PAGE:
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‘Godzilla Minus One’: A Gargantuan Success

More than just monster mayhem.
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(Courtesy of Toho Co., LTD)

 

Despite being one of the most well-known characters in film history, it seems like most Americans haven’t seen many Godzilla films, especially the ones produced and distributed by Toho Studios. While the Hollywood interpretation of the monster that began with Gareth Edwards‘ 2014 “Godzilla” has seen some success with an ongoing franchise set to have a new release next April, it’s never garnered the huge fanbase the character has overseas in the country it originated from. With some savvy marketing, Japan’s latest Godzilla installment titled “Godzilla Minus One” has gathered some excitement in the U.S.. Possibly, this is the film that will create new interest in the Japanese version of the franchise.

Taking place after the end of WWII, kamikaze pilot Koichi (Ryunosuke Kamiki) returns home, haunted by the images he has seen and sick with grief. For a short time, Koichi finds solace in a found family until the atomic bomb brings Godzilla back from the depths of the ocean. Set on terrorizing Japan, Koichi must find a way to defeat Godzilla and avenge his fallen comrades while protecting his new home.

A Human Story

“Godzilla Minus One” is the strongest in its simplicity. It forgoes long complex spouts of exposition in exchange for a very human story with high stakes. While Godzilla is a constantly looming threat, at the center of this film is the tale of a soldier learning to forgive himself for his past failures. Having a layered protagonist gives the audience something to hold onto as the movie escalates into massive monster warfare.

Kamiki is surrounded by a cast of conventional archetypes that are nothing new, but lovable nonetheless. This allows Godzilla to be the terrifying titan of chaos he was originally designed as. When the human cast is in the presence of the behemoth kaiju, audiences will actually fear for their lives.

In comparison, the American version of Godzilla has been treated more as an anti-hero. He usually fights a monster “eviler” than himself. These films also always feature human characters who are supposed to be likable just because they have a family but lack any depth or complexity. “Minus One” is refreshing, as it lets Godzilla be the main villain of his film and understands that human characters need to have struggles outside of the monster.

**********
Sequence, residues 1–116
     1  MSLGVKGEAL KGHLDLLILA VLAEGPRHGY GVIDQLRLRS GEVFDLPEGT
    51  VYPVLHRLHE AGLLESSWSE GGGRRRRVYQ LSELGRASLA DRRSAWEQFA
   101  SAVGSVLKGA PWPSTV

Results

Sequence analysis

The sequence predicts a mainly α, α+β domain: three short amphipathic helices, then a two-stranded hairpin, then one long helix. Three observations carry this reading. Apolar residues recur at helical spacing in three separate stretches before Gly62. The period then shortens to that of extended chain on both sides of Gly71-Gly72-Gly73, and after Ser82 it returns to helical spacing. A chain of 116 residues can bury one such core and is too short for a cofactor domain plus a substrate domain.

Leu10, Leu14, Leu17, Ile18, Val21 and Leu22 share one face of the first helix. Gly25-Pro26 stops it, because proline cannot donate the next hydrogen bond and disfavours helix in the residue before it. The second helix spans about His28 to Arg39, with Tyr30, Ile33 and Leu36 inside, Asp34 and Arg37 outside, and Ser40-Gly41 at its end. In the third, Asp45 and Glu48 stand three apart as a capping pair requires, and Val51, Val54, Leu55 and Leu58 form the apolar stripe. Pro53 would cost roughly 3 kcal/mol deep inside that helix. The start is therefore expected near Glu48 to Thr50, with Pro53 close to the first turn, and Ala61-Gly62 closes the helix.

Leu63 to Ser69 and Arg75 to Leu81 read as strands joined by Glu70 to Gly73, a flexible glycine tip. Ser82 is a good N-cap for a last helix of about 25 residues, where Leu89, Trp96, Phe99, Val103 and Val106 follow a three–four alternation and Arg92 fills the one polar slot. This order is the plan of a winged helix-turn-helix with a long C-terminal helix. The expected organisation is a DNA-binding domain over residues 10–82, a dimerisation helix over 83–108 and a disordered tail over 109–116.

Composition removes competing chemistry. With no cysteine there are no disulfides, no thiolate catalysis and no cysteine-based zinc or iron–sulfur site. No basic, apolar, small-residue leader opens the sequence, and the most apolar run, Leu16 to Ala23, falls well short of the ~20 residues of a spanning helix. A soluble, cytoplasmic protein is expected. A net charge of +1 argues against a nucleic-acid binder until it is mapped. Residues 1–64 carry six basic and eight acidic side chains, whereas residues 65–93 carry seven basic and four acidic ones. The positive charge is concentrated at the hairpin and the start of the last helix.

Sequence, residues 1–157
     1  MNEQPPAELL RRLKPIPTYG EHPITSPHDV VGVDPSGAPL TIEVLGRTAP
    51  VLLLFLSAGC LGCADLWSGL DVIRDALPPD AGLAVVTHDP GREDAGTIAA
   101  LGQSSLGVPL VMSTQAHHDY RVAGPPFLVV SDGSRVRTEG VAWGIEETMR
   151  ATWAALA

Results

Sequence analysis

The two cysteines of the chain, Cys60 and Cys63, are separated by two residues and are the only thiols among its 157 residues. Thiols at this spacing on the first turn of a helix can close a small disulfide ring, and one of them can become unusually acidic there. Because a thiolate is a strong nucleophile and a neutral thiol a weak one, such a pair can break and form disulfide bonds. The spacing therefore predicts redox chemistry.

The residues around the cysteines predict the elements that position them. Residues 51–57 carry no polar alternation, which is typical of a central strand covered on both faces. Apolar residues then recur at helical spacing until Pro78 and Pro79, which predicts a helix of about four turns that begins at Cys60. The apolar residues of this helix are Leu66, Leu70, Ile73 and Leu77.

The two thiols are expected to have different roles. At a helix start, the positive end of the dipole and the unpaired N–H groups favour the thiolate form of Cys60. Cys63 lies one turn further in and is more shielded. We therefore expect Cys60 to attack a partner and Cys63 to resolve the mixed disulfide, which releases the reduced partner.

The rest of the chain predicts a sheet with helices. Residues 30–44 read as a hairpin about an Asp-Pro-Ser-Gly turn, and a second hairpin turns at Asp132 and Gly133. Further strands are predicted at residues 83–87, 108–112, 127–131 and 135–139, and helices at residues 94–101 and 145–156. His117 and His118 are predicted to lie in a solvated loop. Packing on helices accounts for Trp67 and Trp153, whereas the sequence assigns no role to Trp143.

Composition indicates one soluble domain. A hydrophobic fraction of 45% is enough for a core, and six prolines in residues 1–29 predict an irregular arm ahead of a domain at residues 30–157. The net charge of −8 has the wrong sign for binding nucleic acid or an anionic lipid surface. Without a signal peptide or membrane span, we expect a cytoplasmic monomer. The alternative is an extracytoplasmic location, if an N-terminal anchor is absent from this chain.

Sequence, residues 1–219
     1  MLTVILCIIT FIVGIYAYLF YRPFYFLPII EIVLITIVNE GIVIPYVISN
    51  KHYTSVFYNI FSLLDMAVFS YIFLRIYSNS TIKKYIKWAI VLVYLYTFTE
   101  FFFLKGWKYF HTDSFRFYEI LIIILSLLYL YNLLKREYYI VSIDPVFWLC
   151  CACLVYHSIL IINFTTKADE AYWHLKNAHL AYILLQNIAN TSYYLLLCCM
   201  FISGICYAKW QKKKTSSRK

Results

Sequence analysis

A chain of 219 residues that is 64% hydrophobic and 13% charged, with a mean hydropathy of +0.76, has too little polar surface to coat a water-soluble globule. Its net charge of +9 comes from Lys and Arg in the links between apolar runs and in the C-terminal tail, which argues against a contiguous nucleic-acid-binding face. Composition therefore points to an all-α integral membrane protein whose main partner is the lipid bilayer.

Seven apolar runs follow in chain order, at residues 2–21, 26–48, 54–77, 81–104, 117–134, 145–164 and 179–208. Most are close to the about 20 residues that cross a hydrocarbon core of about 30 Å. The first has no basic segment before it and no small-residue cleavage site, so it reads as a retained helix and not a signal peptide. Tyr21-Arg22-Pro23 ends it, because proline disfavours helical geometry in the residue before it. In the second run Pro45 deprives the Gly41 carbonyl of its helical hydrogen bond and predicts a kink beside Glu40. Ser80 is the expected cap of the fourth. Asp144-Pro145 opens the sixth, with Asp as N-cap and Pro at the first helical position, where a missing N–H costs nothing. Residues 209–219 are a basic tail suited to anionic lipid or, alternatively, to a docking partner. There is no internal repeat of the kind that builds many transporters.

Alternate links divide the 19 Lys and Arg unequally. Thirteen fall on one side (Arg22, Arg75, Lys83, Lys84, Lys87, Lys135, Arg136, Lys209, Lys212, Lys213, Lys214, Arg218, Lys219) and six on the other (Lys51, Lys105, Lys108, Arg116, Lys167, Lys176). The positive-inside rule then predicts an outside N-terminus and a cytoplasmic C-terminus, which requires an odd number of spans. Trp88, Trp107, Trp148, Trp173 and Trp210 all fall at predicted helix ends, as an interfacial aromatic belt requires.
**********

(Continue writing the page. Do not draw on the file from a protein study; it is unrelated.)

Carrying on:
Convincing World

“Minus One” is wonderfully unique in its effects. Godzilla rarely looks “real,” but he is always convincing. The creature’s details are not only incredible but the way he is shot and sounds makes a genuine threat. Even with the knowledge that the thing on the screen is completely fake, the terror is real. It also helps that other than some of the action set pieces, everything is filmed on real sets that look lived-in. When our heroes are facing Godzilla on a dinky wooden boat, the physical set they are on combined with the menace of the monster makes for a truly immersive and intense experience. 

While all the Godzilla films out of Hollywood have had their entertaining aspects, “Godzilla Minus One” blasts them out of the water by being more than just monster mayhem. Though the movie has plenty of that, it’s elevated by a heartfelt story which is equally if not more engaging than the title character. Pair this with a truly sinister interpretation of the amphibian icon and you have one of the best blockbusters of the year.

 

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@grahamcool8

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About the Contributor
Graham Jones, Arts Writer, News For U Producer
Graham Jones was born and raised in Portland, Oregon and moved to Utah to study film. Despite his passion for cinema, Graham joined the Chronicle to engage with the University of Utah community and pursue his love for journalism. Outside of the student media office, Graham can be found buried deep into the pages of a graphic novel or lip-syncing to the greatest hits of the 60s, 70s and 80s.

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    Jimmy BuccinoFeb 21, 2024 at 9:36 am

    Okay big guy.

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